The Way Business Is Moving published by
Issue Date: April 2006

Understanding the TCO of mobile computers

1 April 2006
Barry Baetu, MD Harmonic Group

The purchase cost of any IT solution is only a portion of the real cost. The difference between the real price and the purchase price is even greater when dealing with mobile devices.
Barry Baetu, MD Harmonic Group
Barry Baetu, MD Harmonic Group
One of the first questions asked when making an IT acquisition - or any acquisition for that matter - is how much does it cost? Generally this is followed by differentiating the features and values from different vendors and then assessing the cost of deploying and sustaining these products in a mobile enterprise environment.
While it is easy to calculate the purchase price of the hardware and licence fees, companies often find that their IT operations, support and software maintenance costs spiral.
When evaluating a mobile automation project, conducting a complete TCO analysis will reveal the hidden costs in selecting a low-cost, non-enterprise class device. It will also demonstrate how an industrial mobile computing solution designed for everyday mobile environments prove to have value beyond durability. Users of rugged mobile devices can also look forward to a considerably longer lifespan than non-rugged equipment.
Enterprises that use low-cost non-rugged mobile computers pay a high price in repairs, increased support needs and lost productivity. These costs exceed any purchase price savings within just two years. Over the life of the system, downtime typically costs enterprises that use non-rugged computers approximately four to five times more than the purchase price of the device.
A study by Venture Development Corporation (VDC) showed that for every rand spent on capital computing equipment, it costs four to six times more in additional investment to cover sustaining and intangible costs (such as staff). These costs have been documented at 10 to 40% higher for organisations that use consumer-grade mobile computers compared to those that use rugged devices for enterprise applications. That is why the majority of companies who took into account TCO when planning a mobile deployment bought rugged mobile computers instead of consumer-grade devices.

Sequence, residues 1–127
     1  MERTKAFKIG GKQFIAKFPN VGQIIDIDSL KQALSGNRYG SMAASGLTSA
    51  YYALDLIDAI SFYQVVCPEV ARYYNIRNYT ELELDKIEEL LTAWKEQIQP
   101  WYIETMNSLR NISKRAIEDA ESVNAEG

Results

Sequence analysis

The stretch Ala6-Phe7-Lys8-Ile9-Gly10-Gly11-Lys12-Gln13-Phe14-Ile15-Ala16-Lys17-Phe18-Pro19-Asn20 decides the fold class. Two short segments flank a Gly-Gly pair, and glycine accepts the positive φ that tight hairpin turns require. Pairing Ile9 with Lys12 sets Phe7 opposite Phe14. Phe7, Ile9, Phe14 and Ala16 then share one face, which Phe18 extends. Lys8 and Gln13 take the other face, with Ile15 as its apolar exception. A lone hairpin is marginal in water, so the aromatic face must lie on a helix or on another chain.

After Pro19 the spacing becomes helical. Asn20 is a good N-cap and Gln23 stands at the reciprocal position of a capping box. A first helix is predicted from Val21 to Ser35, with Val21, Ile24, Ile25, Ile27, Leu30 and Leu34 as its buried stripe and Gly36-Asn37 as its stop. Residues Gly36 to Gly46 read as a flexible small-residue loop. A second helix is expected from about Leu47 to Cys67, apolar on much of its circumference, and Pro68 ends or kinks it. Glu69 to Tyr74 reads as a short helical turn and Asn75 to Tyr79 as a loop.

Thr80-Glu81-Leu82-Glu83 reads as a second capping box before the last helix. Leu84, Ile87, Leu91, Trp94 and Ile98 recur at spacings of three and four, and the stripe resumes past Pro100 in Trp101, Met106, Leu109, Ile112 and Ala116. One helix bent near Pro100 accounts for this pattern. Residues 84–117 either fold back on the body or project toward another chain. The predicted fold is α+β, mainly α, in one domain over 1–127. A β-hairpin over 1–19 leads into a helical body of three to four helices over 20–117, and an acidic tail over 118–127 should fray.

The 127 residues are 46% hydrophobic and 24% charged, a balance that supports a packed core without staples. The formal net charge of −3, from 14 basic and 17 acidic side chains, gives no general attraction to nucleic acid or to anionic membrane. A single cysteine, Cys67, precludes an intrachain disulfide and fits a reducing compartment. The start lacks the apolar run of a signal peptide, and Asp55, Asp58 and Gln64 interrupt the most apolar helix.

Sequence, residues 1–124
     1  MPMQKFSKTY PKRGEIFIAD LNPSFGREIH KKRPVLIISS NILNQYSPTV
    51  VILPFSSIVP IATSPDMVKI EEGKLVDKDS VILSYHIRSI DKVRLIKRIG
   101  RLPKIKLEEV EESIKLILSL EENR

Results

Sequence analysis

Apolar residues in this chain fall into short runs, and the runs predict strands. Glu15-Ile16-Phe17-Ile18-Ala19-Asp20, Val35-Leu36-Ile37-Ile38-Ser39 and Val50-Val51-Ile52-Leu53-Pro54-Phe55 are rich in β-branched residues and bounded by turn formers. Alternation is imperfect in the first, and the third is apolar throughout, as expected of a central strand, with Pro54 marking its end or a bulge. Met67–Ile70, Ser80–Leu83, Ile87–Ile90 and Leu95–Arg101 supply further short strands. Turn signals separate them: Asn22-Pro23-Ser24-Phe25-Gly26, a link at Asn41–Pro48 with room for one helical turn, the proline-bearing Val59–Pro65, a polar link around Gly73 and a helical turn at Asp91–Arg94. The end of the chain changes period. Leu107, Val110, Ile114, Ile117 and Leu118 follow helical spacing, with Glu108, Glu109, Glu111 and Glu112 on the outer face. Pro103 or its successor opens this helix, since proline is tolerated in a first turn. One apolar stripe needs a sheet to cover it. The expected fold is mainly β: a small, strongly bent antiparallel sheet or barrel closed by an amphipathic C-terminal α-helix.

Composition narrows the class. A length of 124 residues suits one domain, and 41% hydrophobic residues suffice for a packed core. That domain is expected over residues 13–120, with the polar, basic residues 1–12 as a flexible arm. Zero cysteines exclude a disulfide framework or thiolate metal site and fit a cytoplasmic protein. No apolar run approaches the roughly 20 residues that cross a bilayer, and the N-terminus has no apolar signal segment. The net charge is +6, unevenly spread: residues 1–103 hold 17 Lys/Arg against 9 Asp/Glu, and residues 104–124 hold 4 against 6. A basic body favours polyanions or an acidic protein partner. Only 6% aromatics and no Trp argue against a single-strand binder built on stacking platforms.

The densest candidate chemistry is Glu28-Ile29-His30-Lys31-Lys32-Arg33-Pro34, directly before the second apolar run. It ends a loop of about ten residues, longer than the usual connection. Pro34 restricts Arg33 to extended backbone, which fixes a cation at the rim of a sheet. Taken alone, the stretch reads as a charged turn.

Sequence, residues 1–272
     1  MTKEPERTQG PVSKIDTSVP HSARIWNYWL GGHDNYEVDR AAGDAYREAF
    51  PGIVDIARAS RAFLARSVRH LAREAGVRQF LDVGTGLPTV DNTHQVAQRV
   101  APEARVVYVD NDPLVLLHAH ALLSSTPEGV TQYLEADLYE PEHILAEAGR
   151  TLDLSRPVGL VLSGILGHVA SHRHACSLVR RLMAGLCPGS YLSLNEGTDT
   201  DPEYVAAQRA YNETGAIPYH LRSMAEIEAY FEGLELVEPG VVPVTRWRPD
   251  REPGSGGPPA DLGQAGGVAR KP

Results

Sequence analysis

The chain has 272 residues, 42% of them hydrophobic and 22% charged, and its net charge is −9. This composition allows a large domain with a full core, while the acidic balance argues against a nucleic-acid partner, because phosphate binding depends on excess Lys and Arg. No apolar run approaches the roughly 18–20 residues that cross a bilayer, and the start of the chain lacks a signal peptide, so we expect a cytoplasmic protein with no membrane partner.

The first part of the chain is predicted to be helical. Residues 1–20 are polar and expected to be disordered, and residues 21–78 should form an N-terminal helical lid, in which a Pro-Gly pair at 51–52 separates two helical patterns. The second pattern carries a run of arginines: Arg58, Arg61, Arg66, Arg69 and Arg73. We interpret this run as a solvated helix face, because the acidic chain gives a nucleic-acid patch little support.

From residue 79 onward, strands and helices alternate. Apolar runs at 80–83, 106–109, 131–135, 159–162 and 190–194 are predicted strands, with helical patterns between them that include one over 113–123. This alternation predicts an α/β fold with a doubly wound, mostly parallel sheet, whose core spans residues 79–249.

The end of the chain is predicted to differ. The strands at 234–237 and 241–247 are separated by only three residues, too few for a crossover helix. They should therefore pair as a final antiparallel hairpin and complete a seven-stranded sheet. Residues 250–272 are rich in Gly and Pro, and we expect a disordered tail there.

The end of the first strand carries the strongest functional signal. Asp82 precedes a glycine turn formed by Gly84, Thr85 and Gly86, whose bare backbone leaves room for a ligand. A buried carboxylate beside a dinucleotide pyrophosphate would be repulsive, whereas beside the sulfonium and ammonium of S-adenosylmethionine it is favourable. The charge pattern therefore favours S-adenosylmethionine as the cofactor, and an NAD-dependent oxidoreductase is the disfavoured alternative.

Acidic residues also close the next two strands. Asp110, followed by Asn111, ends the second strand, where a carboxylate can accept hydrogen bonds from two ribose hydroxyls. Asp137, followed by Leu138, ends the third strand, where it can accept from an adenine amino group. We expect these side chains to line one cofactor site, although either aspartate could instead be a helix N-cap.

In just two years, rugged mobile computers provide a TCO advantage over consumer-grade devices. Durability is a big factor. After this period, 35% of consumer-grade devices had been replaced, compared to only 2% of rugged; after year three, 80% of the original consumer devices had been replaced.
While a low-cost mobile computer may appear to be the best purchase, lack of integrated features and frequent downtime can quickly eliminate the price advantage, and cost many more rands in lost opportunity. For workers who operate in extreme temperature environments or humid or dusty conditions, inadequate seals on consumer devices can cause condensation on electronics or other damage to internal components.
Drop-test ratings provide an indication of how the computer will perform after being dropped. This is an important consideration for industrial applications, where a five-foot drop to concrete is likely, compared to office applications where a PDA is more likely to drop onto a conference table or carpeted floor.

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